Manage Your Culture…or Someone Else Will
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The CEO cannot delegate the task of managing and owning organizational culture. If you don't manage your culture, by constantly reinforcing your organization's mission and values, others will do it for you. And they'll blame you when something inevitably goes wrong.

We hear a lot these days about the importance of building a great company culture, which you can think of as your organization's shared values and the way you go about getting your work done. Your culture helps your team understand the right opportunities to pursue--and the ones to avoid. I've written before about the tools you can use — symbols and stories — to help cultivate the kind of culture you want for your organization. There are also structures and systems that come into play as your organization begins to scale up.

But another important aspect of building and nurturing a healthy culture is to make it clear who owns the job of managing it. And that person is you, the CEO. This task is not one you can delegate. If you don't manage your culture, by constantly reinforcing your organization's mission and values, others will do it for you. And they'll blame you when something inevitably goes wrong.

Let me share a story to help illustrate what I mean. Just recently, I was involved with a missionary organization that, at its core, had a set of values that were very clearly spelled out -18 very specific values. But the leader of the organization had brought in some other leaders who happened to have very forceful personalities--and differing opinions on how the organization should be run. Rather than choose to confront these folks for a variety of reasons, the leader let them impose their will on the organization by making decisions that went against the values of the organization. One specific decision was to terminate a number of valuable team members inside the organization.

You could have easily predicted what came next: without all of these key people anymore, the organization suddenly didn't have the experience or the manpower to tackle the many goals it had set for itself. You probably could also guess what happened after that: the organization's board blamed leader for the struggles even though he hadn't made the decision to eliminate the people. Why? Because it was his job to protect the values of the organization, and he clearly missed the mark in this regard.

This is why managing the organization's culture is not a job the CEO can delegate. In this case, the leader should have been having difficult conversations with those people who were acting contrary to the organization's values to get them "on the bus," as Jim Collins would say. If they weren't aligned with the organization's values and mission, then he should have taken on the job of coaching those people. Or, if they simply refused to change their approach, the right decision would be to exit those people to help preserve the culture even if they were someone who was a high performer. The trade-off of short-term performance for a loss of the organizational culture is simply too expensive to make over the long run.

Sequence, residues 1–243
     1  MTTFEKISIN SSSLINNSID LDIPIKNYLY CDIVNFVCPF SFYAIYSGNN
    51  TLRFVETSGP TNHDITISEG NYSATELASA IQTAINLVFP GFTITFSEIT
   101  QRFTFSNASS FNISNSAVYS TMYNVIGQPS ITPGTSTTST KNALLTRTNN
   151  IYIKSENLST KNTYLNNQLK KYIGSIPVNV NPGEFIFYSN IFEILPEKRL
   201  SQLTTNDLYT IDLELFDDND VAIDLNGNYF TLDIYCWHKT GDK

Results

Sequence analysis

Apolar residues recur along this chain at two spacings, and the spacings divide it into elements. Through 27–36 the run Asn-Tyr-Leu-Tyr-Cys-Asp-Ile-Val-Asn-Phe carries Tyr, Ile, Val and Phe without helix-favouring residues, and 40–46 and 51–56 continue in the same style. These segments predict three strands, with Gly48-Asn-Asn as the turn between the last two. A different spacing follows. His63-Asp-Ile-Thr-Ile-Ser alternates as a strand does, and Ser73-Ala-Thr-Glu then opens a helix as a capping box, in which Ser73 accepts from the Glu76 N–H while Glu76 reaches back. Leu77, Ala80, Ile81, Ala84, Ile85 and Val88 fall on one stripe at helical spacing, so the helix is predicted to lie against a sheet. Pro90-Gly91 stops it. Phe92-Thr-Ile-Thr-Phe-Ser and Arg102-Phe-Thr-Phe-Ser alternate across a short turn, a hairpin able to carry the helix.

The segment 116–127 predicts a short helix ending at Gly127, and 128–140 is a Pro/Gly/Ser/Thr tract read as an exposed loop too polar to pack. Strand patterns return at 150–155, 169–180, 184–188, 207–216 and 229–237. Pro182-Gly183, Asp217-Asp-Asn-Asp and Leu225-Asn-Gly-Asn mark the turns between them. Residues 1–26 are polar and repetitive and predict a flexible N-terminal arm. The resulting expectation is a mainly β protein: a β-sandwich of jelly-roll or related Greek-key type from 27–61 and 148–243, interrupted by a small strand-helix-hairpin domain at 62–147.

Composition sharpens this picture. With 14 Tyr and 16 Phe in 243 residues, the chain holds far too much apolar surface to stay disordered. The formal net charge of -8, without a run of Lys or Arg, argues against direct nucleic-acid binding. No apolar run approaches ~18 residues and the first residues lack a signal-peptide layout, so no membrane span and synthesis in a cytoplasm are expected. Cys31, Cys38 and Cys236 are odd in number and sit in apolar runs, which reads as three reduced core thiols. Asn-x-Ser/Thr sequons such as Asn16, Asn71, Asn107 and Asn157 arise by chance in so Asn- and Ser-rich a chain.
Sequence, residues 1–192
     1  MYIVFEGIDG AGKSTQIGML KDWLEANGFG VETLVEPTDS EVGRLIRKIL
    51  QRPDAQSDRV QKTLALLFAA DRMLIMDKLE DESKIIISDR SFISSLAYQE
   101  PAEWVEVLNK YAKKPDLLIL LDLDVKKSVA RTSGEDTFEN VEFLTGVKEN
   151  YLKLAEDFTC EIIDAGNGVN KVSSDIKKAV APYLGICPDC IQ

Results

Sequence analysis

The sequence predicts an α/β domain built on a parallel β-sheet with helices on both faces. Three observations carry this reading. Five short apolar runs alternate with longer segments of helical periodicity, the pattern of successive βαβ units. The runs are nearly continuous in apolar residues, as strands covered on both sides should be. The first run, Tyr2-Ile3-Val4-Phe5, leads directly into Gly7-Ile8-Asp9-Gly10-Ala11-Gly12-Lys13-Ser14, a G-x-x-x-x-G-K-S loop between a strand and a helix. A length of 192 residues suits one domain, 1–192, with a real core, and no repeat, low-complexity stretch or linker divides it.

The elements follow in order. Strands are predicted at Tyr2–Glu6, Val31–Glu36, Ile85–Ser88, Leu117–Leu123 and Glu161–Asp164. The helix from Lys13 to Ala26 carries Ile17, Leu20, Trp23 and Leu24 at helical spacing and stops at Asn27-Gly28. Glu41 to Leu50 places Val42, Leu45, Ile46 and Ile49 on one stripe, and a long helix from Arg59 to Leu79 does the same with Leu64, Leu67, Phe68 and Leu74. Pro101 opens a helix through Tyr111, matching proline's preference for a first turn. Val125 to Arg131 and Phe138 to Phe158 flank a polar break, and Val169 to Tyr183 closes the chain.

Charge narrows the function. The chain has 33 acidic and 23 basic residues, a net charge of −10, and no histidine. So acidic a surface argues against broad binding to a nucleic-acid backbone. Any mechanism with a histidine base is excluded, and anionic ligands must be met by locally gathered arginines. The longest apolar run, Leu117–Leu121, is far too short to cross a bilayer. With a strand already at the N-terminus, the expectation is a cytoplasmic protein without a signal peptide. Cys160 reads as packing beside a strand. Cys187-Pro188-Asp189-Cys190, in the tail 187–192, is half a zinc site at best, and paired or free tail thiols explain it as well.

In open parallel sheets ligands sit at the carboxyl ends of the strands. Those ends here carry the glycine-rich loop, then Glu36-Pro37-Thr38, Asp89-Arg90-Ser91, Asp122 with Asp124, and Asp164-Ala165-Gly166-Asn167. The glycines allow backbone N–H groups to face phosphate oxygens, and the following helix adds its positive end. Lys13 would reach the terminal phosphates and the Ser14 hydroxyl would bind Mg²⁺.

And it's not that the people who made the bad decisions in this example meant to do harm. Rather, they thought they were doing the right thing. But because they were acting outside the lines of the values that the organization had firmly established, they ended up doing the wrong thing. Their values were simply different and when the situation was viewed through their standards, they came to a different conclusion. That's why it's your job to teach people about the organizational values and culture, so they see things in a similar manner and come to the right conclusions for the team. It also translates into coaching your team about the kinds of customers and employees you should be pursuing and the ones you don't want any part of because they don't share the same values as you do.

The best leaders have a clear handle on their organization's culture and they know what levers they need to pull to keep people moving in the same direction. When you can do that, you'll greatly improve the chances that your organization will enjoy long-term success. On the other hand, if you don't take on the responsibility of managing the culture, others will take over the culture, but you'll still find yourself in the crosshairs when your organization's performance suffers.

If you fail to stay on top of your culture, you also greatly increase the risk that your organization will lose its clarity of mission and begin to drift from your original purpose--which is a subject we'll tackle in my next post.

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